Waving my legs in a bored fashion, I held on as we bumped our way down the beaten path (ah, to be a traveler could oft be quite tremulous) when I noticed a rustling in some bushes nearby. Frowning I pulled a lever which would let Rolf know with a small bell up front that there was something off behind us.

The horses were reigned to a quick stop and I jumped off the carriage to inspect what was going on, my hand on the hilt of my sword. I heard Rolf exit the carriage as well as his boots let a deep rumble ring out from the ground at his landing on the dirt path. I could hear the sound of sliding middle, he was drawing his sword. I motioned back with my left hand, letting him know that I hadn't seen immediate danger, and not wanting him to cause trouble if it were someone innocent who would take badly to being threatened by the hefty hand-and-a-half sword which the burly man carried. I sensed a nod of understanding as I heard the metal slide back into its sleeping place, and continued to walk forward.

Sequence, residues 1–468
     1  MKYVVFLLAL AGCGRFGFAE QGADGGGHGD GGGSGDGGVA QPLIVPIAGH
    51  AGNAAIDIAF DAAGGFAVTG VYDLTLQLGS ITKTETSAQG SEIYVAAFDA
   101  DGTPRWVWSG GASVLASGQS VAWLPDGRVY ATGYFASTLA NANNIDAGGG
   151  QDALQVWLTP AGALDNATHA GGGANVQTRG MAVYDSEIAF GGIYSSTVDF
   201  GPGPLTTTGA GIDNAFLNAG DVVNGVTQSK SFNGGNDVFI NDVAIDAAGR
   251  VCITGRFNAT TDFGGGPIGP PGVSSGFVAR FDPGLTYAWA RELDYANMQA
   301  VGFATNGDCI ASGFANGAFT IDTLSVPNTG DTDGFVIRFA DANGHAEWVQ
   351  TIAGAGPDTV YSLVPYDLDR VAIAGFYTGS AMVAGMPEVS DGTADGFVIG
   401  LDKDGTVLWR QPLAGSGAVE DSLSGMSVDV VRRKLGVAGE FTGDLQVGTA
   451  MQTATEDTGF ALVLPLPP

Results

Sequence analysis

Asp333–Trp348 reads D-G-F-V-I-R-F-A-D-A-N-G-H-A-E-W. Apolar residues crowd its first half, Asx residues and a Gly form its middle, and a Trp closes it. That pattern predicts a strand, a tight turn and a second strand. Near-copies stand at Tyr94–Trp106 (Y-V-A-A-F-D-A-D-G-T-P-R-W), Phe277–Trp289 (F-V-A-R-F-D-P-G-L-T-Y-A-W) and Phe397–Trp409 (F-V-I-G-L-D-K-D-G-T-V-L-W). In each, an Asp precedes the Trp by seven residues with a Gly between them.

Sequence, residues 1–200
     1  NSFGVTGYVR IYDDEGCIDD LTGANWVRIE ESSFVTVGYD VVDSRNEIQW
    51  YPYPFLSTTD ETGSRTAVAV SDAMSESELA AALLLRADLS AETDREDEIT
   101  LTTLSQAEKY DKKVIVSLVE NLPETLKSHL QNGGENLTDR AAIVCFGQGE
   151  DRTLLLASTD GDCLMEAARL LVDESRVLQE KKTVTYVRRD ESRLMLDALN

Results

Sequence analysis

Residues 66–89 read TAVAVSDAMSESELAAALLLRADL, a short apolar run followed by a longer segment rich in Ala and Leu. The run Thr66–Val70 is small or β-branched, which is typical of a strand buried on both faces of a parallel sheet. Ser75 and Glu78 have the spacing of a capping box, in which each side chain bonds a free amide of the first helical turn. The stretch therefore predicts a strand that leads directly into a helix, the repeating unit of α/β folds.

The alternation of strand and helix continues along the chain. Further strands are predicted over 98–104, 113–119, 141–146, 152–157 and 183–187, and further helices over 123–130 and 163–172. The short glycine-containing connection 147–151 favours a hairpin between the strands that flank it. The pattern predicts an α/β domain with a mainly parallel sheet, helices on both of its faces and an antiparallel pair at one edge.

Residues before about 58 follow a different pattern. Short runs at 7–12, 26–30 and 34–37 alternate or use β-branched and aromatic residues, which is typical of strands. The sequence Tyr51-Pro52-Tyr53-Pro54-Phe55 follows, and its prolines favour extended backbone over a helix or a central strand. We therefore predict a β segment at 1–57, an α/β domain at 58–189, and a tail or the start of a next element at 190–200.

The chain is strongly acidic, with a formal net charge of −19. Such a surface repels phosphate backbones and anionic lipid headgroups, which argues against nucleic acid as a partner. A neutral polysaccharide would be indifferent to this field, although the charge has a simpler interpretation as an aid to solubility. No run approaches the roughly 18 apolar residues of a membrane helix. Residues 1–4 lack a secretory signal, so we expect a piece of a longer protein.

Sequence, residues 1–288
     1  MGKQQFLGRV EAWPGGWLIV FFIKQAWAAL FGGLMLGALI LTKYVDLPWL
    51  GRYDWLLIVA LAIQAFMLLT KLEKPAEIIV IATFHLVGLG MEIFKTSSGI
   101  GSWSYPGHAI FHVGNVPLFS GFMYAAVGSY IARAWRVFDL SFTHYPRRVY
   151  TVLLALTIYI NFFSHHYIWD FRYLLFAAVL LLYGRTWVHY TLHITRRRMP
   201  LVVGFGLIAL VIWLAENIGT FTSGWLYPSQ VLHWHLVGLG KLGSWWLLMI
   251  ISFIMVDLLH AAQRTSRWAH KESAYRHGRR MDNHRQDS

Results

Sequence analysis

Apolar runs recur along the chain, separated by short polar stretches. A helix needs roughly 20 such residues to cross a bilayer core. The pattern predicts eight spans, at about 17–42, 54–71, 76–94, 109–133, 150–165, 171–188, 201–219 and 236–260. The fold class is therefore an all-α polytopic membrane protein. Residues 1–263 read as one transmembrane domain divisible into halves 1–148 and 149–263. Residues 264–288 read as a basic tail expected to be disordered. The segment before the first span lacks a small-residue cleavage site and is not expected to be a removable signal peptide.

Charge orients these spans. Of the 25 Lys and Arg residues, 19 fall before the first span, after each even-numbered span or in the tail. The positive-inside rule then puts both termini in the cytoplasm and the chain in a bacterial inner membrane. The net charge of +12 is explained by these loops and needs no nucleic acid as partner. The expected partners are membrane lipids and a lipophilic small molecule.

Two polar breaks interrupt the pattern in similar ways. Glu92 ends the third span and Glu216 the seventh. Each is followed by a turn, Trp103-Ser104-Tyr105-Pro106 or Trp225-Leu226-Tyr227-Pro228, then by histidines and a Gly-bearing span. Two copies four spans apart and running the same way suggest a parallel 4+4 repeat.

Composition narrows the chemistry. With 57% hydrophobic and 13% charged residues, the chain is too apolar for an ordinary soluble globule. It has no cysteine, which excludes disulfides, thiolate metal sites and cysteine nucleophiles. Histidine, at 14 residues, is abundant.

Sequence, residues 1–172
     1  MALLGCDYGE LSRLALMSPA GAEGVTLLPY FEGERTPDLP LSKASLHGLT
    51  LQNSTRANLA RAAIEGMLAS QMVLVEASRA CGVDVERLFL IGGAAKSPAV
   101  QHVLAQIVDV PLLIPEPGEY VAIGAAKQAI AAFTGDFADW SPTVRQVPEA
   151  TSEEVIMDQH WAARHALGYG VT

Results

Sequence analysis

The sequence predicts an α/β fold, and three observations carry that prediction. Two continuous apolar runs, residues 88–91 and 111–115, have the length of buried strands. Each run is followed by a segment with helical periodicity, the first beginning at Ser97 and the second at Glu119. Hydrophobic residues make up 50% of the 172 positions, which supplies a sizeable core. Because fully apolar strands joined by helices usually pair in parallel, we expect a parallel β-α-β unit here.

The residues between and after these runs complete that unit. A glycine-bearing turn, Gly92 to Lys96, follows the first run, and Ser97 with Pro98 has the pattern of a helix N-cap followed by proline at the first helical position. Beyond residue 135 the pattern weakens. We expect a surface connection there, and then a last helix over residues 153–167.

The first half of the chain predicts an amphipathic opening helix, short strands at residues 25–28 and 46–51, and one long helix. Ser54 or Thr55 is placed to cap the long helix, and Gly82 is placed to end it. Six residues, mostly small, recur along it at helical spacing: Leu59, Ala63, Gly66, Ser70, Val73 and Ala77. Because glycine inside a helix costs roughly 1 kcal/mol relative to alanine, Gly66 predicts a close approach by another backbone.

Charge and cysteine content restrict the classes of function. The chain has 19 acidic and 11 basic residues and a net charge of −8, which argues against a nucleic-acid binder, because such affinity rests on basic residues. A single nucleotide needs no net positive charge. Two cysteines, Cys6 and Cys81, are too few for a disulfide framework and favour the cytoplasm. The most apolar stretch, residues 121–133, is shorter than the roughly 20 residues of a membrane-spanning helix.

"If there's someone there than you'd best come out. We are not known enemies, yet would prefer not to be ambushed by someone either-not too fond of suprises and all that."

At that I sensed Rolf rolling his eyes, I could not count the amount of times he had joked at the fact that as a woman in this world it was rather hopeless for me to try to threaten anyone.

At that point, though, a low voice echoed out from the woods in a tone of bitter irony, "Well, thats all well and good, toots, but frankly I would be out there if I could manage the trip. But well, not all people are quite so well prepared on their journeys and come prepared for troubles in the woods."

I scowled, "Well then, show your hands at least, stranger, else I would let our swords discover you."